‘While the princes and barons of the first Crusade were establishing in Palestine the little Latin kingdom of Jerusalem, various alterations took place in Europe, by which the rights of the absentees were materially affected. No one suffered more by these than Robert Duke of Normandy. To furnish himself forth for the Crusade, this eldest son of William the Conqueror had imprudently pledged the Duchy of Normandy, being the only part of his father's dominions which had descended to him, to his brother William, called Rufus, or the Red, King of England, for a large sum of money. But while Robert was employed in cleaving Mahometan champions asunder, and exhibiting feats of the most romantic valour, William was privately engaged in securing and rendering permanent the temporary interest which the mortgage gave him in the fief of the duchy, and it soon became evident, that even if Robert should be able and desirous to redeem the territory, it was not likely that his more powerful brother would renounce the right he had acquired over it. But the death of William Rufus brought into play a third son of the Conqueror. This was Henry, the youngest, whom his brothers, both Robert and William, had treated with considerable severity after their father's death, and refused to grant any appanage becoming his rank. Civil war ensued among the brothers, and on one memorable occasion, Henry was besieged by his two brethren, in the fortress of Mount Saint Michael, and reduced to the greatest extremity for want of water. His distress being communicated to Robert, who was always generous, he instantly sent him a supply. William, who was of a harder and more inflexible disposition, upbraided Robert with his imprudent generosity. "What else could I do?" answered the generous Norman. "He is our brother. Had he died for lack of water, how were we to supply his loss?"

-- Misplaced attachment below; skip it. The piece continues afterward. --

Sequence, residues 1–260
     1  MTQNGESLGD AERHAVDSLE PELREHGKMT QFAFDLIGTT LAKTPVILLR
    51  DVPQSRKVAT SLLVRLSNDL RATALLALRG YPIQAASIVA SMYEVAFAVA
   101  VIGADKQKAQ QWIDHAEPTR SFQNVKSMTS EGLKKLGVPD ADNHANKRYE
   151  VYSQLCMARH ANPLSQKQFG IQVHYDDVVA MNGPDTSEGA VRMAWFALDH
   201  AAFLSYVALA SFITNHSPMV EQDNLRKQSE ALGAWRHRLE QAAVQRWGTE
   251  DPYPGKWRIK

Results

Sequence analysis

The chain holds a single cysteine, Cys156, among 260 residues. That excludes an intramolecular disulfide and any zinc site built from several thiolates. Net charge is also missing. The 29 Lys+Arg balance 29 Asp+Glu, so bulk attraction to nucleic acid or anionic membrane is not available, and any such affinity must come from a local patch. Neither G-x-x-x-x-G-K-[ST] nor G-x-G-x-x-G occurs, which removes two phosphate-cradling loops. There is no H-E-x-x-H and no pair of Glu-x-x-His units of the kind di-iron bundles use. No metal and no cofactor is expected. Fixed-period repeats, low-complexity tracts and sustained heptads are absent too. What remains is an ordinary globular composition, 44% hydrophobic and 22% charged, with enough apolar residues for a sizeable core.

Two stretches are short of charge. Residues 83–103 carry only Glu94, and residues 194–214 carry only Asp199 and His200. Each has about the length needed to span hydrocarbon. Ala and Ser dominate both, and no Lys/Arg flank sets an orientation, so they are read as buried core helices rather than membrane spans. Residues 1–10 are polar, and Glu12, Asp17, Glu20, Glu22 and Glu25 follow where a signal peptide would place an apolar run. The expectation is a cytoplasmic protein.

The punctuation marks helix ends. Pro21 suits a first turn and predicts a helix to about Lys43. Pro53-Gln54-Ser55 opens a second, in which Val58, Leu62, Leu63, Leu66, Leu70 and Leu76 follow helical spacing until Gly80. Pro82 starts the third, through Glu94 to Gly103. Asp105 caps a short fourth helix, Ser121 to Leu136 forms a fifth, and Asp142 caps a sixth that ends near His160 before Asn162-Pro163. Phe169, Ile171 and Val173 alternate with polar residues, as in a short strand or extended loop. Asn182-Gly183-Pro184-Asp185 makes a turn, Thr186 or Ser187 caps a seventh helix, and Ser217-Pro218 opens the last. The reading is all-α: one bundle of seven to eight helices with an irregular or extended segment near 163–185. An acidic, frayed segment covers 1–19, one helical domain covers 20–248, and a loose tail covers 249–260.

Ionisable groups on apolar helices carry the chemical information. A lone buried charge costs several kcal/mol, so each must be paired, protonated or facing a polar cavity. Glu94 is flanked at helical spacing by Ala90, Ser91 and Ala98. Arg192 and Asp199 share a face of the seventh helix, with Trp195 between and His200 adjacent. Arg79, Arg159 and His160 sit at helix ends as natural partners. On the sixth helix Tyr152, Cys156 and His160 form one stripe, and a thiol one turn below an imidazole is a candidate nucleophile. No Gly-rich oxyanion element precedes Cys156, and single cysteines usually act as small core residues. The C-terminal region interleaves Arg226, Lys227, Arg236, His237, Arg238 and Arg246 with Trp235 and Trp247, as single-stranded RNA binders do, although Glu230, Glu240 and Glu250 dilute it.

Upon the surrender of the fortress, however, Henry was reduced to the condition of a private individual, although his bravery was equal to that of either of his brothers; his sagacity was also much superior, and his learning, which was uncommon in those days, so considerable, that he obtained the name of Beauclerc, or Fine Scholar.
William Rufus was killed accidentally with an arrow, while hunting in the New Forest, 'which had been so unscrupulously formed or enlarged, by his father the Conqueror. Henry was engaged in the same sport in a different part of the forest, and learning this accident as soon as it happened, rode post-haste to London, and availed himself of Robert's absence to procure his own election to the crown of England, which was confirmed by Parliament…’
The fateful arrow that slew William II of England was fired by Walter Tirel, on August 2nd, 1100. Sir Walter Scott’s history is found in “Tales of a Grandfather”.